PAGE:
President's Message - July/August 2018 Africa eJournal

By Florizelle Liser

 

The successful visit of Uhuru Kenyatta on August 27 to meet President Trump in Washington captures in a snapshot the growing momentum in US-African trade and investment relations.  The two presidents announced that the U.S. and Kenya have formed a Trade and Investment Working Group to begin sketching out what a reciprocal bilateral trade and commercial relationship will look like as both countries work to elevate their partnership to a strategic level.  The visit also saw two agreements signed with OPIC, including a two hundred and thirty two million dollar wind energy plant and a five million dollar food distribution plant, as well as bilateral agreements to expand cooperation in security and defense. The U.S. and Kenya are working on another set of deals worth two hundred and fifty million dollars in the coming months, likely including a major road project with Bechtel.

 

President Kenyatta’s visit came a short six weeks after the U.S. hosted the 17th AGOA Forum July 11-12 in Washington, where U.S. Trade Representative Robert Lighthizer invited African countries to work with the United States to come up with a Free Trade Agreement (FTA) that can serve as a model for the rest of the continent in charting the scope of what a post-AGOA trade and investment relationship with the U.S. will look like.

 

At the AGOA Forum, African countries provided an update on the status of the African Continental Free Trade Agreement (AfCFTA), which 44 countries have already signed, and 6 of the 22 needed to bring it into force have already ratified. There is indeed a sense that events in several countries in Africa are moving both more quickly than in the past, and in the right direction.  Several countries, notably including Ethiopia, have gone through important domestic political transitions recently, which have resulted in welcome reforms that are improving transparency and governance.  There are two common themes in these efforts.  The first, as President Kenyatta emphatically put it in meeting both President Trump and UK Prime Minister May, is that African countries are looking for a new kind of relationship of co-equal partners, rather than traditional donor-recipient relations.  The second is that many African countries are clearly looking for more interaction with the U.S., particularly from U.S. companies.  The other big event of the summer, the four-country visit of the President’s Advisory Council on Doing Business in Africa, showed a keen interest in host governments and local businesses to meet their American counterparts.  There was also a real sense that it’s time to get down to business, with more than one billion dollars in deals announced during the trip.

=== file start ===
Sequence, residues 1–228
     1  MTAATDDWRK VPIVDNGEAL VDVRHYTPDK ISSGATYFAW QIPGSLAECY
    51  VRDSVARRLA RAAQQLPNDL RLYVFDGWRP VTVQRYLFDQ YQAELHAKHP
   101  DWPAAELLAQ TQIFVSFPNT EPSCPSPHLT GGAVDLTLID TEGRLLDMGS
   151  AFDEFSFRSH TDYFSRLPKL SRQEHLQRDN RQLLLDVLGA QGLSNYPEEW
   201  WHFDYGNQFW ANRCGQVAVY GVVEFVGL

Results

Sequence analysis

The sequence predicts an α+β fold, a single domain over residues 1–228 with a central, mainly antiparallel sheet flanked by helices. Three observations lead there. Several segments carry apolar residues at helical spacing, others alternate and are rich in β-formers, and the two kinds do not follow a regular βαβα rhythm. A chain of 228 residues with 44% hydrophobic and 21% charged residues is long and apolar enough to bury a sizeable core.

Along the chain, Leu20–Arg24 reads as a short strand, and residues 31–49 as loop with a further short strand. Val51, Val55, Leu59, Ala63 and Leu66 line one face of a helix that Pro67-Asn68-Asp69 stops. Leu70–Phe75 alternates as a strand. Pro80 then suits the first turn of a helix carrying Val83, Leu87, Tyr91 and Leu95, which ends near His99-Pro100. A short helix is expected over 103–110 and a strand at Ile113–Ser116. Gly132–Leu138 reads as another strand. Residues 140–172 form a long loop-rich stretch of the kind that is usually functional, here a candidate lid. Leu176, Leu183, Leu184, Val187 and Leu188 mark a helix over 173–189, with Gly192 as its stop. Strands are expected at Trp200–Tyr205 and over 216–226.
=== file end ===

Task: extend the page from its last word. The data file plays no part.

September and October already have a number of events that will continue this momentum, including a record number of African heads of state that are planning on meeting U.S. companies while in New York during the United Nations General Assembly (UNGA).  The time is clearly now for U.S. companies to sharpen their analysis of what opportunities African countries present today, as well as what opportunities could be developed in the future.  And Corporate Council on Africa is hosting a number of events on the sidelines of UNGA that will highlight the many opportunities present on the continent to grow U.S.-Africa commercial partnerships and to enhance the U.S.-Africa trade and investment relationship.   In its 25th year, CCA remains committed to being the premier business organization solely focused on U.S.-Africa business, and to providing the access, connections and insights that are critical in growing that business.